While it's more likely that Bemstrom has found a home on the wing, the Blue Jackets should be thrilled about the prospects of having both Texier and Foudy playing center in the not-too-distant-future. Here's Tortorella on Texier:

This is a big part of our future, this kid. He's gonna be able to play. I really do want to give him a chance at center ice. He's a big part of the future of this team."

While the NHL has seemed a bit rich for Texier at times, it's important to remember that he's a 20-year old kid who's way ahead of his projected development curve. He's made huge leaps in each of the past few seasons, jumping from France's top league to Finland's Liiga, then again to the AHL for just seven regular-season games before getting a promotion to the NHL. Texier has recently begun skating after a lumbar stress fracture incurred on New Year's Eve has kept him out of play, could be the club's long-term answer as a top-six center.

Foudy appears ready for the NHL in a full-time capacity, but as I suggested earlier this month, he most likely projects as a third-line defensive-minded center with tempered offensive upside. His elite speed could give him a chance to move higher in the lineup, but he's never been a huge point producer (though he did end his junior career on an 18-game point streak).

Immediate Question Marks 

The elephant in the room, perhaps, is Alexander Wennberg, who is due $4.9M for the next three seasons. He's never been able to take the steps that at one point seemed inevitable to a top-six center. After his first three NHL seasons saw him increase his scoring from 20 points to 40 to 59, he's regressed to 35, 25, and 22 in the past three seasons. Just weeks before the NHL season was paused, Tortorella moved Wennberg to the wing in an attempt to jumpstart his offensive game (if you're still hopeful that Wennberg can turn a corner, you have the patience of a saint).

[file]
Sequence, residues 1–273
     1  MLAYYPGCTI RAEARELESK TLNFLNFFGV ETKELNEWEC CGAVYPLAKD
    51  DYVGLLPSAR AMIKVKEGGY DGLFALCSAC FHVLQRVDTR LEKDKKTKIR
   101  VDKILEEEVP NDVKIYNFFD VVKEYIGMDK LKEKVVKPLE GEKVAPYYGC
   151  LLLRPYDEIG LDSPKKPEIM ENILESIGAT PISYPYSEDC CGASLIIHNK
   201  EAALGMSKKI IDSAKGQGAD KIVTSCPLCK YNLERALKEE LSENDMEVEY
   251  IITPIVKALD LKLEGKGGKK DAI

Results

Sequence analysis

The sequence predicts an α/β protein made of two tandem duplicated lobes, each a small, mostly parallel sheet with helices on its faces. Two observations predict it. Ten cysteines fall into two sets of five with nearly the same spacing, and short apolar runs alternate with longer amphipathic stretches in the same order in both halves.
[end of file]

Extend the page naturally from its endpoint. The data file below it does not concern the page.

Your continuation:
Riley Nash cashed in with the Blue Jackets after tallying 41 points playing higher in the lineup on a highly-skilled Boston Bruins team, but he has not been able to approach that level of productivity in Columbus. He has one year left on a deal that pays him $2.75M. If he makes the team next season, and I would expect him to, it will be in a fourth-line/insurance capacity.

He isn't the only one with an uncertain future. The Blue Jackets traded Sonny Milano for Devin Shore at the trade deadline, but Shore is an RFA this summer. Would the Blue Jackets really trade Milano for six games-worth of a player and then let him walk without submitting a qualifying offer? Maybe, as his AAV of $2.3M may be richer than the value he provides. 

Lastly, Kevin Stenlund will also be an RFA this summer. He certainly looked like an NHL player at times this season, but it will be interesting to see if he factors into the team's plan long-term. Personally, I'd rather have a younger/cheaper Stenlund than Shore.  


The Blue Jackets have their first-round pick this year, and barring something unexpected, could potentially use that pick to upgrade the center position. Dmitri Voronkov, who the club picked with their fourth-round pick in 2019, has progressed well in the short time since his selection and was a fixture in the KHL at just 19. The Athletic's Aaron Portzline's recent article about the "ramrod center" projects him to be a 6'4, 200 lb future third-line center in the same vein as Jenner. Expected arrival? 2021-22. 


The Blue Jackets don't have a Prince Charming waiting in the wings. Top-flight centers don't grow on trees. It's possible that the organization looks to move up in the draft, utilizing some of their well-developed depth, but it's more likely that any growth is internal. Between Dubois, Texier, Foudy, and Stenlund, with Jenner, Nash, and Wennberg there as insurance pieces, the Blue Jackets have plenty of capable centers when hockey resumes. Whether that'll be enough to push them over the hump is a different story.